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This question doesn't relate to a problem that I've had (yet), but it keeps me up at night. Theoretically, eventually, as the number of rows in a table goes up and up and up, the ID corresponding to each row will "run out" of numbers, won't it? I guess that if you keep adding depth to the column value, you could keep it going up, but eventually there must be an upper limit, right?

I've heard of a technique called "sharding" but haven't had it explained in enough detail to satisfy my curiosity. Is the answer that you just keep adding more numbers, or is there a clever pattern to allow "repeat" IDs in their own sandbox. What if these sandboxes have to interact?

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3 Answers 3

Sharding has nothing to do with the size of the IDs.

The correct way to handle it is: Don't worry about it.

A 32 bit int has enough values that you could add one row per second for over 100 years without running out.

And if that wasn't enough, with a 64 bit int you could add 1 billion rows per second and still last for over 500 years.

So basically: Don't worry about it. Pick the size of the int based on how many rows you expect times 100 and then move on.

Re sharding:

That's simply a way of splitting up a database onto multiple servers by using a rule to decide which server should get the data. The rules vary depending on what you are storing and how many servers you have.

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"Don't worry about it" - I honestly hope that big corporations such as Google don't have that attitude... "Sorry guys - we can't crawl any more websites - we've hit our id limit." :P –  shadow Sep 13 '12 at 5:21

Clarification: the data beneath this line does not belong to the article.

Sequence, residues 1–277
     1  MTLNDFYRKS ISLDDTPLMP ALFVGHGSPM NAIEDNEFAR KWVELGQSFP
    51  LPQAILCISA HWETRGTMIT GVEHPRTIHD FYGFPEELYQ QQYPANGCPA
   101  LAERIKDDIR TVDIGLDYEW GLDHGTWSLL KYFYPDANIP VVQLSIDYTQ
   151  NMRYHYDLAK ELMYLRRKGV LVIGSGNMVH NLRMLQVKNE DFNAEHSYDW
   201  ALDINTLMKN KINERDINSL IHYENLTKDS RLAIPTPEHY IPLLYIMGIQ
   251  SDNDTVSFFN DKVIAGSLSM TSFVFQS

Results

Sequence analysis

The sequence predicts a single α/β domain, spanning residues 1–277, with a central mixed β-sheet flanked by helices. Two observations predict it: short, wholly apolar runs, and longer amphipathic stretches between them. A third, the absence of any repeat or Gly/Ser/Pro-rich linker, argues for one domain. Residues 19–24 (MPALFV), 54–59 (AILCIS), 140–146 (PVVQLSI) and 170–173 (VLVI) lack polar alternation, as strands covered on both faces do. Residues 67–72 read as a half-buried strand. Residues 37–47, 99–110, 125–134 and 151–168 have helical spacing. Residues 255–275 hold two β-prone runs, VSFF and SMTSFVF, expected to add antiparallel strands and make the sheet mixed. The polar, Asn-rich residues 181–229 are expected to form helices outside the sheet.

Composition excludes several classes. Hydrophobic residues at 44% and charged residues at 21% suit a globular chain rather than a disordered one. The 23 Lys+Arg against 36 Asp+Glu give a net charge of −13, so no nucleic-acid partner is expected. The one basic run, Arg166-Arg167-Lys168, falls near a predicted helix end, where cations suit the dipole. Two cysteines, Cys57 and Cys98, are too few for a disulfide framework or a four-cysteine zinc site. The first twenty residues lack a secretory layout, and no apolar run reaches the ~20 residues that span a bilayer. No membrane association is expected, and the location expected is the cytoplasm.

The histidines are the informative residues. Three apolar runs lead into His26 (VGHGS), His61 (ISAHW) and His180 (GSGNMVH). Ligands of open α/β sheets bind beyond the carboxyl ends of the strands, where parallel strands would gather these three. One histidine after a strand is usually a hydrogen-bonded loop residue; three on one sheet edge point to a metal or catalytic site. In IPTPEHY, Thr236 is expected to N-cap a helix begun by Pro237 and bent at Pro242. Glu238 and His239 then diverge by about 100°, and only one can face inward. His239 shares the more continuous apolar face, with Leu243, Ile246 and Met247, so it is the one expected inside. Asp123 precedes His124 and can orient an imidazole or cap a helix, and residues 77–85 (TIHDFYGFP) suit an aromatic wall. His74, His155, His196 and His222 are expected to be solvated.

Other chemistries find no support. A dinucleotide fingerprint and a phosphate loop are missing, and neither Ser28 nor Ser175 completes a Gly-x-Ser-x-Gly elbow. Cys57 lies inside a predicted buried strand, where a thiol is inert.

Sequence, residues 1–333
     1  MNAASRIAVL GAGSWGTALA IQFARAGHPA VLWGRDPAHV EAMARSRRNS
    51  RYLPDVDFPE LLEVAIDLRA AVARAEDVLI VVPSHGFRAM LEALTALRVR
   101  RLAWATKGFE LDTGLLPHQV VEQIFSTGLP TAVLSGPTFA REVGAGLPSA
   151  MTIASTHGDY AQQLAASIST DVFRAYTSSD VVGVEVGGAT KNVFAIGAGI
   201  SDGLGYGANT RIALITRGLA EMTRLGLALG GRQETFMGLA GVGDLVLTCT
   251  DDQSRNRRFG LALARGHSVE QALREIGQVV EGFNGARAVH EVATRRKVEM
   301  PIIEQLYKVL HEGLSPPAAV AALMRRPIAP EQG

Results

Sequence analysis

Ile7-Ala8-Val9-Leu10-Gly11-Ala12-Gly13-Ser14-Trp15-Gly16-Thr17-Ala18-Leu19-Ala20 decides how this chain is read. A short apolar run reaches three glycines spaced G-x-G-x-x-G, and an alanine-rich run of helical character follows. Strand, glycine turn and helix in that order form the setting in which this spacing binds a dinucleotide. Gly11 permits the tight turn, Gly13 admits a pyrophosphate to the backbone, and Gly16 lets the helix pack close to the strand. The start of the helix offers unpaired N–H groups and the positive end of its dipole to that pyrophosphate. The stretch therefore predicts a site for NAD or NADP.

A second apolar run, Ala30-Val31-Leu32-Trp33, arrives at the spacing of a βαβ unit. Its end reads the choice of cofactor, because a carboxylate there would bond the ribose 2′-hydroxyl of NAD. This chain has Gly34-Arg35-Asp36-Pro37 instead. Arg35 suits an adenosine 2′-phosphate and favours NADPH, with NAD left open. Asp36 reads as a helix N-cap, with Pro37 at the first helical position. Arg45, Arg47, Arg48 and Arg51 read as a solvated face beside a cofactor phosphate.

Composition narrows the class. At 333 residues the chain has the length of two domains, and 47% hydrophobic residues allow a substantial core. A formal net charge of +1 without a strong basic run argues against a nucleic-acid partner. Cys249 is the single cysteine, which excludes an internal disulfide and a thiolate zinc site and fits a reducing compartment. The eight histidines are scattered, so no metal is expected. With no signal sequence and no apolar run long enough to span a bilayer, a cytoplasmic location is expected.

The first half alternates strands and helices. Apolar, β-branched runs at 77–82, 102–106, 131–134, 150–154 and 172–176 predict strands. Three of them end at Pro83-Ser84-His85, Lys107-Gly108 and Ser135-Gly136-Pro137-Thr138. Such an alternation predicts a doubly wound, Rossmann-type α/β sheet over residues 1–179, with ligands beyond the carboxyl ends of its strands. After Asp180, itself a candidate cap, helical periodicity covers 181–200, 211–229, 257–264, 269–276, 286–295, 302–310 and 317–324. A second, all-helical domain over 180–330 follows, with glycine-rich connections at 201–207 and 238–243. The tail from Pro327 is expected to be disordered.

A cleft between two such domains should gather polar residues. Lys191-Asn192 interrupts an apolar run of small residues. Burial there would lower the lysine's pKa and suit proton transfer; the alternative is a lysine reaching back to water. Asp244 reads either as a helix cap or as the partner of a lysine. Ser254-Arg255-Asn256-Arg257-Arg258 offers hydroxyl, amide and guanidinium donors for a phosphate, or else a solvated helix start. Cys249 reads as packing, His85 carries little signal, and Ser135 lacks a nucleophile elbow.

@shadow Yes, don't worry about it. Google can use a 64 bit int and not have to think about it again for billions of years. Do you realize just how big a 64 bit int is? There are companies that have hit the limit on a 32 bit int - twitter for example. But none have ever maxed out a 64 bit int. –  Ariel Sep 13 '12 at 5:23
    
I know - I posted about BIGINT just before... but I'm sure they don't have a "don't worry about it" attitude. I agree that it is high. But think about how many searches are done on Google every second (for arguments sake). It's not impossible. Just insanely unlikely. –  shadow Sep 13 '12 at 5:25
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@shadow At the current rate of searching google, a 64 bit int is enough for 10 million years. Even if search traffic DRAMATICALLY increases, it's still enough. In contrast a 32 bit int would last them about 1 day. You simply have to know your estimated size and plan accordingly. (Or change the size once you get big.) –  Ariel Sep 13 '12 at 5:28
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@shadow and andrewb See: blogs.oracle.com/bonwick/entry/128_bit_storage_are_you –  Ariel Sep 13 '12 at 7:04

From dev.mysql.com

Use a large enough integer data type for the AUTO_INCREMENT column to hold the maximum sequence value you will need. When the column reaches the upper limit of the data type, the next attempt to generate a sequence number fails. For example, if you use TINYINT, the maximum permissible sequence number is 127. For TINYINT UNSIGNED, the maximum is 255.

That's actually fascinating. I guess an easy (semi) answer is to use BIGINT - with a maximum value of 18,446,744,073,709,551,615. If you get that many columns - then... wow...

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You are right, there's a limit (and a lot of work arounds techniques) in every processor architecture, but you will run into a lot of messy problems before you run out of numbers. Performance issues related to great amounts of data is a problem that you are likely to have.

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